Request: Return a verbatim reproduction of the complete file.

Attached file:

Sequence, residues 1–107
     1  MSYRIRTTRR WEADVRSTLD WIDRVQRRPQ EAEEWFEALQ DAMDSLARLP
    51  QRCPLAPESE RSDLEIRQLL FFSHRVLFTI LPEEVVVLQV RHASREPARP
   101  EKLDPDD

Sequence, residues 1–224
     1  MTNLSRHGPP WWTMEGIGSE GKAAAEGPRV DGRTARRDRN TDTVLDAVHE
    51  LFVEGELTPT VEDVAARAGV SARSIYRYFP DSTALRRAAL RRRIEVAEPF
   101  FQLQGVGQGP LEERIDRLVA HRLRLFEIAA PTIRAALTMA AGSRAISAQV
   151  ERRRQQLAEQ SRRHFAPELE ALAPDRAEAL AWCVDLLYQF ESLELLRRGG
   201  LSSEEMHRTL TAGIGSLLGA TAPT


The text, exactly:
Sequence, residues 1–107
     1  MSYRIRTTRR WEADVRSTLD WIDRVQRRPQ EAEEWFEALQ DAMDSLARLP
    51  QRCPLAPESE RSDLEIRQLL FFSHRVLFTI LPEEVVVLQV RHASREPARP
   101  EKLDPDD

Sequence, residues 1–224
     1  MTNLSRHGPP WWTMEGIGSE GKAAAEGPRV DGRTARRDRN TDTVLDAVHE
    51  LFVEGELTPT VEDVAARAGV SARSIYRYFP DSTALRRAAL RRRIEVAEPF
   101  FQLQGVGQGP LEERIDRLVA HRLRLFEIAA PTIRAALTMA AGSRAISAQV
   151  ERRRQQLAEQ SRRHFAPELE ALAPDRAEAL AWCVDLLYQF ESLELLRRGG
   201  LSSEEMHRTL TAGIGSLLGA TAPT